Watchmen's Iconic Smiley Face Logo Almost Didn't Happen

Even if you don’t know much about Watchmen, you are probably familiar with its logo. The critically acclaimed comic is known by the symbol of a bright smiley face with blood dripping down its side. There are few images - if any - which can represent Watchmen in just a frame, but the button does it with ease. However, according to Watchmen artist Dave Gibbons, the series almost moved forward without the image.

Recently, Gibbons spoke with Entertainment Weekly about his tenure on the DC Comic, and he details just how the Comedian’s button came to be. Gibbons confessed he sketched up an early draft of the character which put him in all camouflage. The first look was meant to reflect the Comedian’s military background, but the design made him fade into the comic’s background.

“My first attempt at designing him was to give him a military uniform, like a khaki-green-brown military uniform, camouflage uniform. But of course, that looked kind of dull because camouflage by definition syncs into the background,” Gibbons explained. “So I thought, “How about if he was dressed in black? If he wore this really dark kind of costume and it was very functional with lots of ammunition belts and straps and pouches and things like that with just a hint of the stars and stripes?” So I drew this black character and he had a star on one shoulder and red and white stripes on the other.”

However, after Gibbons created Comedian’s next design, the violent antihero still looked a bit gothic to Gibbons, so he tacked on Watchmen’s smiley face button on a whim.

“He looked very serious so I thought, “I wonder what would lighten it up a bit?” So on the sketch that I did, I drew a tiny little yellow smiley faced badge, almost as a throwaway, because I thought that’s a really interesting contrast. This big hulking dark character, with this little splash of bright, silly color,” Gibbons revealed.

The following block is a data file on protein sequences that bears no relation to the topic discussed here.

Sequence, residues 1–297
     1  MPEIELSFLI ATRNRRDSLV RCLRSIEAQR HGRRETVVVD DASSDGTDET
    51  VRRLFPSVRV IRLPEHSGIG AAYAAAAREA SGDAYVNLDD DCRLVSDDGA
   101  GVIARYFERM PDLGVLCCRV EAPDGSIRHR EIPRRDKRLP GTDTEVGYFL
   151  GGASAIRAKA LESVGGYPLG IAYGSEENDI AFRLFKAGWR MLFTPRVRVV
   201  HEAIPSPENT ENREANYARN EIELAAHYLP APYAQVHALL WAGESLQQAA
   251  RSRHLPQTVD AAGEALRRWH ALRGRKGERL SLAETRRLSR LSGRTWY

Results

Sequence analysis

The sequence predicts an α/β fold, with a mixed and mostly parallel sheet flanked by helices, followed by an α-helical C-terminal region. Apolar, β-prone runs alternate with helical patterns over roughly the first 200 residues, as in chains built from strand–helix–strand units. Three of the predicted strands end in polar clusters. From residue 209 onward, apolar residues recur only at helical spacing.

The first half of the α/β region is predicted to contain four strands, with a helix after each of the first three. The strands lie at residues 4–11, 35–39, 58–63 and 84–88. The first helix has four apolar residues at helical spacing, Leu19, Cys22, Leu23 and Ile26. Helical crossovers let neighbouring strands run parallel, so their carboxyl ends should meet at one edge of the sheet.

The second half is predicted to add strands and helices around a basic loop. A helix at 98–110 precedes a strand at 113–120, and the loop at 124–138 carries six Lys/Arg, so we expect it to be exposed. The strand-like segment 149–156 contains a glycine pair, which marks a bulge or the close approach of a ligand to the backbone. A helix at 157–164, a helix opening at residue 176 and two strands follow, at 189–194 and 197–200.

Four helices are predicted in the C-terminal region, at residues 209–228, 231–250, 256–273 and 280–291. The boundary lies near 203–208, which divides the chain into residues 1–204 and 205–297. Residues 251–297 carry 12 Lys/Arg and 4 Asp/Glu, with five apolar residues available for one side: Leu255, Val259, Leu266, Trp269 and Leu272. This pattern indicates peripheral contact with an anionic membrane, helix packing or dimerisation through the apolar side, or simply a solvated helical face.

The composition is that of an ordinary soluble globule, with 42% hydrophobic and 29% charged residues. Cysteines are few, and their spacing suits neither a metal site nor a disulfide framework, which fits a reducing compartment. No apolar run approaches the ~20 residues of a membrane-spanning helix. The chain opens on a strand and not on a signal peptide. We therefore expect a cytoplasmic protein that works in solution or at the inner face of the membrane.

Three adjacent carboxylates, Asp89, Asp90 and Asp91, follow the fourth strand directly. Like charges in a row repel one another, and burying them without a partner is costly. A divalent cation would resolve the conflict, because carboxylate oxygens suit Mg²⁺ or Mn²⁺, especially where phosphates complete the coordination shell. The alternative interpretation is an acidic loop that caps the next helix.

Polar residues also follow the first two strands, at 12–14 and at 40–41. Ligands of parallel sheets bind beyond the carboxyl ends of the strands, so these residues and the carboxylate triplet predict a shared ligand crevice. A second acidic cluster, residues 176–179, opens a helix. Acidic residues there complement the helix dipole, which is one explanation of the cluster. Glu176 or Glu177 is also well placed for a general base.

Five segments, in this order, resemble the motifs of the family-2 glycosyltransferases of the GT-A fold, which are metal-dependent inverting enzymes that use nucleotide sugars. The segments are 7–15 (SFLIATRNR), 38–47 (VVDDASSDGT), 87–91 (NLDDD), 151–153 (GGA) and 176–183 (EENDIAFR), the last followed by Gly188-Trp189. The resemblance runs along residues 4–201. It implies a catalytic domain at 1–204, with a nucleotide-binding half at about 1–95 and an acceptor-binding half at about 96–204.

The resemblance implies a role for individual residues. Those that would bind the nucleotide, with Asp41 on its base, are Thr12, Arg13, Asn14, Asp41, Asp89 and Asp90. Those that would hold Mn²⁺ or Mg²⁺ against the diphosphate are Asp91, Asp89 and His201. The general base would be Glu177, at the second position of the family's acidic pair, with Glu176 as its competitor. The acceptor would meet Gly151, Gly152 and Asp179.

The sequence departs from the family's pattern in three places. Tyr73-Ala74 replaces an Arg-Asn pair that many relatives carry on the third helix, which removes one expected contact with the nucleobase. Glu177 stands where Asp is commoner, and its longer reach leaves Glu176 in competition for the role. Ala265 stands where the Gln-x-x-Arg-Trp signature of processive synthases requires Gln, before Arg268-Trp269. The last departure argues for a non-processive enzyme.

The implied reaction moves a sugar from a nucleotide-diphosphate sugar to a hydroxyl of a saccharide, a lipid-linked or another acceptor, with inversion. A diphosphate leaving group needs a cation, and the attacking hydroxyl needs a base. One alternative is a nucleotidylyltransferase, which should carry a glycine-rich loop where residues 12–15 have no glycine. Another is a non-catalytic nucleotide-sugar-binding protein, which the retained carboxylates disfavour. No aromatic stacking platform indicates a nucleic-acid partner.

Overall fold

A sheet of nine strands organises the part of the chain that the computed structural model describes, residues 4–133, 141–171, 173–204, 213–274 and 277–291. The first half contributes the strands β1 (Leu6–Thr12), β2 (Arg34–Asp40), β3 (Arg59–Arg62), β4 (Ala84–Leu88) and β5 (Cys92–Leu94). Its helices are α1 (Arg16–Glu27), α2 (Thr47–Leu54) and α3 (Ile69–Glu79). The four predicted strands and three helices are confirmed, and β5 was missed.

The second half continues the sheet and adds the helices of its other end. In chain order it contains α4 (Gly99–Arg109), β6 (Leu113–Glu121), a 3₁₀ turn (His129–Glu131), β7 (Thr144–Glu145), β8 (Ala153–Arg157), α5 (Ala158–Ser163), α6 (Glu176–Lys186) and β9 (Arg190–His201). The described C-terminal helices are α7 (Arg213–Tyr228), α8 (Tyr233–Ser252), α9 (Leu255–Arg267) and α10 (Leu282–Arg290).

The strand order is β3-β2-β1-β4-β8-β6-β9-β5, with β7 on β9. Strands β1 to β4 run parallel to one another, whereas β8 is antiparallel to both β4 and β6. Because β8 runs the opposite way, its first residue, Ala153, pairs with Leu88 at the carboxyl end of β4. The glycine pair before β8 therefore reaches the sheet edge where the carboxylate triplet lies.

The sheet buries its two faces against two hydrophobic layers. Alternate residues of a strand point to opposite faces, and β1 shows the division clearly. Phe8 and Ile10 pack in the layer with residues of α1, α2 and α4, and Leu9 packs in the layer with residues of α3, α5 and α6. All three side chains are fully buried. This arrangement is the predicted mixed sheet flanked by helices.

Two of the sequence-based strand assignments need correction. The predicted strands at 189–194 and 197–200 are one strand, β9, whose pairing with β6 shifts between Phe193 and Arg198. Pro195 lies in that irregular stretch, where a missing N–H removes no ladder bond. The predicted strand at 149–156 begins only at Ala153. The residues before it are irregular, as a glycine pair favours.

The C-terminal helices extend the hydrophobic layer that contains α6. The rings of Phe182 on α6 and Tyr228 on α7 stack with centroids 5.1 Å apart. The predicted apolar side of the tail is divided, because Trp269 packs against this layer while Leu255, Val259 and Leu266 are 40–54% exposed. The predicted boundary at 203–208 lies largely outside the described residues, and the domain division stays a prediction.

Gibbons then completed his design for the Comedian, and writer Alan Moore found the dichotomous button intriguing. In fact, Moore liked the design enough to feature the button throughout the story, and it became a fan-favorite piece of Watchmen. Still, Gibbons finds its crazy that his most recognizable contribution to Watchmen was nearly overlooked.

“When I came up with that I had no idea what Alan would do with it. So he turned it into what it was. But if it hadn’t been for the symbol in the first place that just popped up in my head, then we wouldn’t have gone that route. It’s like all things in the creative process. You just throw as much stuff out as you can and sometimes something just fits.”

The Watchmen live-action film hit theaters back in March 6, 2009 and earned $185 million worldwide. You can read its synopsis below:

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(Photo: DC Comics )

"In an alternate 1985 America, costumed superheroes are part of everyday life. When one of his former comrades is murdered, masked vigilante Rorschach (Jackie Earle Haley) uncovers a plot to kill and discredit all past and present superheroes. As he reconnects with his retired associates, only one of which has true powers, Rorschach glimpses a far-reaching conspiracy involving their shared past and catastrophic consequences for the world's future."

In 2012, DC Comics revived the Watchmen property in a series of miniseries titled Before Watchmen and set in the world of the original series but before the apocalyptic events of Watchmen. There have been persistent rumors that Warner Bros. may try to develop those comics into a film as well, but none of those rumors have proven credible.